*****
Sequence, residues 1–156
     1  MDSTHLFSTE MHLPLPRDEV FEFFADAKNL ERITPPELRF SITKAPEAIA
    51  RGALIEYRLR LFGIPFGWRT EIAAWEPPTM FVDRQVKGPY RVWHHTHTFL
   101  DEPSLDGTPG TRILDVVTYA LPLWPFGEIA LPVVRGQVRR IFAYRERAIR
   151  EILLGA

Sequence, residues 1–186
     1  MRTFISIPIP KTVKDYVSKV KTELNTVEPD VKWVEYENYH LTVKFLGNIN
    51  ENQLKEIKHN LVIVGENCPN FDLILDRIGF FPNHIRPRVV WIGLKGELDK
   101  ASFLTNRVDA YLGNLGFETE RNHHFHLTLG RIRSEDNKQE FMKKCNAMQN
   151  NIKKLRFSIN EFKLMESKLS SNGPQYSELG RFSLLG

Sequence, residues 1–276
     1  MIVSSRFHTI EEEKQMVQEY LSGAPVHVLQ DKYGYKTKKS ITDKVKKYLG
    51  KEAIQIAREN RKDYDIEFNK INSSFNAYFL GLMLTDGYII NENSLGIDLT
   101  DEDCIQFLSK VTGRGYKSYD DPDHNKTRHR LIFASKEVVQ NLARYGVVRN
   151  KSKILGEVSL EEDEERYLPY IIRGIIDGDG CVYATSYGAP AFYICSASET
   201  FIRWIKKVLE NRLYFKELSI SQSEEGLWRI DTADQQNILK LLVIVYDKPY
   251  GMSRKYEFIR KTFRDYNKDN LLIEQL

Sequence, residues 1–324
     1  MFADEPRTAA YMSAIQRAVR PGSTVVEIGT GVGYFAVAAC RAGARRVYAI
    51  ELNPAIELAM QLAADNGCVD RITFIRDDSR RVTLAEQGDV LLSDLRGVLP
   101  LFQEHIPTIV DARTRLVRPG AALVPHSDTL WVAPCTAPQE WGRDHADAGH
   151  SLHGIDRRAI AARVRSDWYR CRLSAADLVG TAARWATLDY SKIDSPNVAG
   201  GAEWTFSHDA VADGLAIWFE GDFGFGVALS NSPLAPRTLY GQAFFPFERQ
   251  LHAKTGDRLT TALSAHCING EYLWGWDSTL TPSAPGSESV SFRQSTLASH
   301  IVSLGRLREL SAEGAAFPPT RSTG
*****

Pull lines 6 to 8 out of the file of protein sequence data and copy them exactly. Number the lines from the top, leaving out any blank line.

Sequence, residues 1–186
     1  MRTFISIPIP KTVKDYVSKV KTELNTVEPD VKWVEYENYH LTVKFLGNIN
    51  ENQLKEIKHN LVIVGENCPN FDLILDRIGF FPNHIRPRVV WIGLKGELDK